Dom Post on Goff

The Dom Post editorial:

The by-election has delivered a much-needed fillip to ’s leadership of the Labour Party.

Not only did Labour candidate David Shearer win, he won handsomely. National’s post-election aura of invincibility has been shattered and Labour’s activists now have grounds to hope their party can mount a challenge in 2011, particularly if National blunders as badly in that campaign as it did in Mt Albert.

The morale boost is significant. It reassures Labour activists that unlike (for example) the UK Tories in 1997, they have not had a fundamental disconection from the electorate. It does signify that National is not assured of 2011. On the other hand Labour may read too much into it, and think this means that they can win in 2011 with little change from 2008.

But the political capital earnt in Mt Albert has been squandered in the Richard Worth affair. The bare facts suggest that, too, has been a victory for Labour. Dr Worth, under investigation by police for an alleged sexual offence, has been forced to quit Parliament as well as the executive, because of separate allegations brought to public attention by Mr Goff.

Those allegations are that Dr Worth embarrassed and traumatised a recent migrant to New Zealand with unwanted sexual advances and that, “in pursuit of romantic ambitions”, he offered her government jobs. The latter, if proven, would be indefensible, but it was the former that Mr Goff chose to highlight, painting Dr Worth’s alleged victim as a “strikingly beautiful”, somewhat unworldly, woman who had to ask her husband what the Xs with which Dr Worth allegedly concluded his text messages meant.

The portrait suggests someone unfamiliar with Western ways. But it does not fit with that of Labour activist Neelam Choudary, later revealed as the object of Dr Worth’s admiration. Labour insiders and reporters who encountered her on the campaign trail with Helen Clark say she is forthright and confident and presumably capable of deflecting the unwelcome attentions of an ageing MP.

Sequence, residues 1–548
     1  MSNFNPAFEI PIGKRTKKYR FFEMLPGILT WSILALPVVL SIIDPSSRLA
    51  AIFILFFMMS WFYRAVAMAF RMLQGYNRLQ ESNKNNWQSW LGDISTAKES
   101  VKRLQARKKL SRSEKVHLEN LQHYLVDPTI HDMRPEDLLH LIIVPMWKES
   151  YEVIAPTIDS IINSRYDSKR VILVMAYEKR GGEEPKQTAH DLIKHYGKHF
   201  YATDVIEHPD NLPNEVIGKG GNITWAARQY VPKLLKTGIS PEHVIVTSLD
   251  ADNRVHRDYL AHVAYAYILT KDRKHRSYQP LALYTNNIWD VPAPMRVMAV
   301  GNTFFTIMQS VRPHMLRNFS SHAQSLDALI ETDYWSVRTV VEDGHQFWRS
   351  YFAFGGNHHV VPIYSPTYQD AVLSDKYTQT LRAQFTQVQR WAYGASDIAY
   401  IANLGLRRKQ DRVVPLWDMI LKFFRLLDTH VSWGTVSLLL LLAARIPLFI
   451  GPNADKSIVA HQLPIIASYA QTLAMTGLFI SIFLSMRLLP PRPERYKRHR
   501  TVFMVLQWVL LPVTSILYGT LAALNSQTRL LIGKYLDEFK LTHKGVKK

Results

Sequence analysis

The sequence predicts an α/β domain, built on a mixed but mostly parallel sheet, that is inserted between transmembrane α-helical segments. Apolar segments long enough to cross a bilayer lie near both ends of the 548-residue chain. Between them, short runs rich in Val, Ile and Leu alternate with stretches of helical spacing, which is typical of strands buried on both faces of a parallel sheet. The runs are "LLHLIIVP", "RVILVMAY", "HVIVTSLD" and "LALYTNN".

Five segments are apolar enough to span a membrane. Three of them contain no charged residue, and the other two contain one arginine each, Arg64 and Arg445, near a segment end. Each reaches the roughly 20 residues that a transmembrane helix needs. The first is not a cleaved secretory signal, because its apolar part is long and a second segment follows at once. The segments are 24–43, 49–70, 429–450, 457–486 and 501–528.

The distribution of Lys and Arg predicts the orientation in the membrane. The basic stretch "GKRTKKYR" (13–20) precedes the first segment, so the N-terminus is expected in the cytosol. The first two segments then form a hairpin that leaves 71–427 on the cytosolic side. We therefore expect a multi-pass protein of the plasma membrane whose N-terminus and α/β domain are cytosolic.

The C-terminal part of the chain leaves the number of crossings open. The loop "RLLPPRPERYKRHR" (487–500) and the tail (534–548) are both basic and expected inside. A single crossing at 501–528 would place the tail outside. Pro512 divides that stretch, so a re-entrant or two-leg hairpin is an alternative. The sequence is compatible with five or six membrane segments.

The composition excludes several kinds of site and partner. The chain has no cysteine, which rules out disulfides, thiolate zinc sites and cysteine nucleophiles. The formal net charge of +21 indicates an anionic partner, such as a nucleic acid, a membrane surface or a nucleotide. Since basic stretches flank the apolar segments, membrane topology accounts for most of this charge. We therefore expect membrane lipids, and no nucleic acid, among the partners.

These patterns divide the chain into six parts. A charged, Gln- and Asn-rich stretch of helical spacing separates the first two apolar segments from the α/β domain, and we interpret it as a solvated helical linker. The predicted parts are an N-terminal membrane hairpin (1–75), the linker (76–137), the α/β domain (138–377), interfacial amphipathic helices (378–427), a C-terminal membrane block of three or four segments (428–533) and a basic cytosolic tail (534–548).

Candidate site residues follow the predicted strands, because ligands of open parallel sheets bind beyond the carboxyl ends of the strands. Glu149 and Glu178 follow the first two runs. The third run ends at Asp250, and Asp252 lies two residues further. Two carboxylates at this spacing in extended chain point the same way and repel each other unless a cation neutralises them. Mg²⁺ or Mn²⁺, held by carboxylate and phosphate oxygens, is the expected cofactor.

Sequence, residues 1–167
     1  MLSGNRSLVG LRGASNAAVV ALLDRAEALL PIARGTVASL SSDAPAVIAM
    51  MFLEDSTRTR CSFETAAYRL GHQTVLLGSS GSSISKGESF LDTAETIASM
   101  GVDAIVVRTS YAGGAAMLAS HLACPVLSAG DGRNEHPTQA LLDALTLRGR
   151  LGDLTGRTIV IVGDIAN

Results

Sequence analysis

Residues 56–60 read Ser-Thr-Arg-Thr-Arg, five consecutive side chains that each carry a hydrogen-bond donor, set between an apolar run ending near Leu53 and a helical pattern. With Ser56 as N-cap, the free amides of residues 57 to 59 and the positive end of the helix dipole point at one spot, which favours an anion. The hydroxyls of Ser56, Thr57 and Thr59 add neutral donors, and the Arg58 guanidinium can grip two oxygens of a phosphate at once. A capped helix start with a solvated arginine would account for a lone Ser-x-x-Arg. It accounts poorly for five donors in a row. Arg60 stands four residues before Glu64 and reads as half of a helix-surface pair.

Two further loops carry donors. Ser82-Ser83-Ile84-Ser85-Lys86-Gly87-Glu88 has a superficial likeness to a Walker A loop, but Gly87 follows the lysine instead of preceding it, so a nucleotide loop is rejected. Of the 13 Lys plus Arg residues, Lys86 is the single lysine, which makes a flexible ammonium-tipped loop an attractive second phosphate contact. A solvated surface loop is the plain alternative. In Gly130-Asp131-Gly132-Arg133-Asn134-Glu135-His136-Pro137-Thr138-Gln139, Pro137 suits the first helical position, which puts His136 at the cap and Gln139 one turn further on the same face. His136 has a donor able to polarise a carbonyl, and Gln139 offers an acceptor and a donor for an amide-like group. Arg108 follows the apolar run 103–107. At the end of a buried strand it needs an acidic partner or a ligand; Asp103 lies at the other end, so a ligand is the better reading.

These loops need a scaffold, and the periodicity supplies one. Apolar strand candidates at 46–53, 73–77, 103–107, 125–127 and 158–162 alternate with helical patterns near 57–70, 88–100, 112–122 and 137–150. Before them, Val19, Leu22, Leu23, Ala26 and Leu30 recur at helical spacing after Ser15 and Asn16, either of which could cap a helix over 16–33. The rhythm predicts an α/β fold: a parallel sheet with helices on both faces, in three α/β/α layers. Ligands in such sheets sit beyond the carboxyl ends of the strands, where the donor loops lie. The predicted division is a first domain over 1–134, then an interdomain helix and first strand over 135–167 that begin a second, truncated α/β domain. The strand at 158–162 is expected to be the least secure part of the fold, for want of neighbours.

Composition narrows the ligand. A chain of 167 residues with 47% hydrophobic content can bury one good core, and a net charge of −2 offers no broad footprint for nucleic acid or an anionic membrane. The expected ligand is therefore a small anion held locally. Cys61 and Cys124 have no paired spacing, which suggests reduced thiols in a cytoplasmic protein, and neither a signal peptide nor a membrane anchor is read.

Also missing from Mr Goff’s portrait of Dr Worth’s victim was any mention of the fact that her husband, Kumar Akkineni Choudary, was last year convicted of charging Indian and Chinese immigrants thousands of dollars for non-existent job offers.

And has carried on offending by registering as a company director, despite being ineligible for five years.

If true, Dr Worth’s attentions were boorish and unwelcome, but it is not against the law for an older man, even a married one, to make a fool of himself over a younger woman. Nor does doing so disqualify those involved from holding political office. If it did, there would be a mass exodus from Parliament.

The known facts suggest Mr Goff overstated Dr Worth’s sins in an attempt to besmirch his reputation and, by association, that of his leader, . In doing so he has damaged his own reputation by showing he is prepared to throw political muck.

From the party that brought you the H Fee.

Mr Key, by comparison, looks prime ministerial. He knew Ms Choudary’s identity, and presumably of her husband’s conviction, but there is no evidence to suggest he is responsible for either coming to light. Meantime, he has forced Dr Worth’s resignation as a minister and made his future prospects appear so unattractive that Dr Worth has quit politics.

And this is quite remarkable. Imagine if Labour were Government and the complainant against a Minister was an aspiring National Party candidate, whose husband was a convicted fraudster. I would mortgage my house on the certainity that her identity would have been leaked from the Government within hours.

However, Mr Key has also had a chequered few weeks. Melissa Lee, National’s Mt Albert candidate, was sent into the by-election hopelessly ill-prepared and, when the polls turned against her, abandoned by her party.

If Mr Key could not be at her side on Saturday night, he should have ensured plenty of other colleagues were. Loyalty cuts two ways.

It wasn’t a good look.

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